Identity theft is a real threat, and can occur long before the victim realizes what happened. The best way to detect attempted identity theft is to stay proactive in keeping tabs on the activity of your financial accounts and acting upon anything that seems out of the ordinary.
Ten Signs to Look For
According to the FBI, identity thieves actually need very little information in order to start opening accounts in someone else's name. Since everyone is at risk, it's important to stay vigilant in watching out for these top signs of identity theft.
1. Denied Credit
If you have good credit and can generally get approved for loans and credit cards easily, an unexpected credit application denial might be your first sign that you may be a victim of identity theft. The same goes for instances where you are approved for credit, but at a much higher interest rate than you anticipated.
A merchant refusing to accept your check after running your name through the system can also be a sign; some merchants utilize services that quickly run your information through a system that rejects checks from individuals who are considered high-risk.
These events may indicate that someone has opened accounts in your name and now those accounts sit delinquent on your credit report, dragging your credit score down and resulting in the denials. Order a copy of your credit report and review it for errors.
2. Credit Report Errors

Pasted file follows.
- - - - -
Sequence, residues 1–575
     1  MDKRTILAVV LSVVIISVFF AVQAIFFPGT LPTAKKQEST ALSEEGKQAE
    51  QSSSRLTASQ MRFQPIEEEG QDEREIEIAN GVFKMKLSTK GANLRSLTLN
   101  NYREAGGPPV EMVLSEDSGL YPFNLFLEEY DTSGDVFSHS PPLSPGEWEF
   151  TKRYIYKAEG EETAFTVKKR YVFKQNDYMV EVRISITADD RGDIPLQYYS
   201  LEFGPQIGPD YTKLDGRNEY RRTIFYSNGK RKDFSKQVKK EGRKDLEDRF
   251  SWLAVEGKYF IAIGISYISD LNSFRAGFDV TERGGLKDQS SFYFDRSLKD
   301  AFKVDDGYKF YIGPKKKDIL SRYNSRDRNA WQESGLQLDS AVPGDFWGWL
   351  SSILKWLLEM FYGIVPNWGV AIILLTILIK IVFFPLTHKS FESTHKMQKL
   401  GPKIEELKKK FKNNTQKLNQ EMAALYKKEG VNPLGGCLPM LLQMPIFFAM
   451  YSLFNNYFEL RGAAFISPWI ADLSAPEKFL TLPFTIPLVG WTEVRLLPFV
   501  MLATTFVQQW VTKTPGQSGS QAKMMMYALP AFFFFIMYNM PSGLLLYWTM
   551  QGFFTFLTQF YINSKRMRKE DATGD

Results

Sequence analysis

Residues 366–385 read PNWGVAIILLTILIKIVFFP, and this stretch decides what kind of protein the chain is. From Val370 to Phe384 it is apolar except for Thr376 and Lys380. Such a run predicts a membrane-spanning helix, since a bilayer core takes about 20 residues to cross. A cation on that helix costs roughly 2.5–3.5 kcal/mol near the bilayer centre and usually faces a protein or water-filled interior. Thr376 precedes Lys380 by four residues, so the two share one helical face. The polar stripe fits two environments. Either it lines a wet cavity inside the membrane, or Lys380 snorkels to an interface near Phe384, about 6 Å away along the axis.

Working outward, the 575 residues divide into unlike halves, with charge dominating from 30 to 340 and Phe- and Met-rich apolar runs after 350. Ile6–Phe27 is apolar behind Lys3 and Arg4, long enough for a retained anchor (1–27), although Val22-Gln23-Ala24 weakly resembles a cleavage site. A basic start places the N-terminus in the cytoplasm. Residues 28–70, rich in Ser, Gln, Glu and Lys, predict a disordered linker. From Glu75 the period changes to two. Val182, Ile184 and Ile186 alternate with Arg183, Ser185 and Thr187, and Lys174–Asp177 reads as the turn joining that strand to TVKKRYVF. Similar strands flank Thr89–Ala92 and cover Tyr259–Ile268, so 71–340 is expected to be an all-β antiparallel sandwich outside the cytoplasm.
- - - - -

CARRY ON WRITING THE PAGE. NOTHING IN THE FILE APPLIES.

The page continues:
Monitoring your credit report is an important step to detecting identity theft early. Look for these signs:
- Items appearing on your report that you don't recognize
- Inquiries on your report from companies you don't know
- Address information listed for you in locations you've never lived
Innocent errors do occur on credit reports occasionally, but investigate anything out of the ordinary immediately to make sure these are simply mistakes and not indications of identity theft. File a dispute with the credit reporting agency to correct the information and place a fraud alert on your report if you can't figure out the source of the problem.
3. Mystery Withdrawals and Charges
Monitoring you bank account and credit card accounts is another important step in detecting identity theft, and it's one that should be ongoing and frequent. If you notice any activity on any of your accounts (including authorization attempts) that you don't recognize, immediately contact your financial institution or credit card issuer. They will likely begin an investigation, as well as close your credit or debit card and issue you a new one.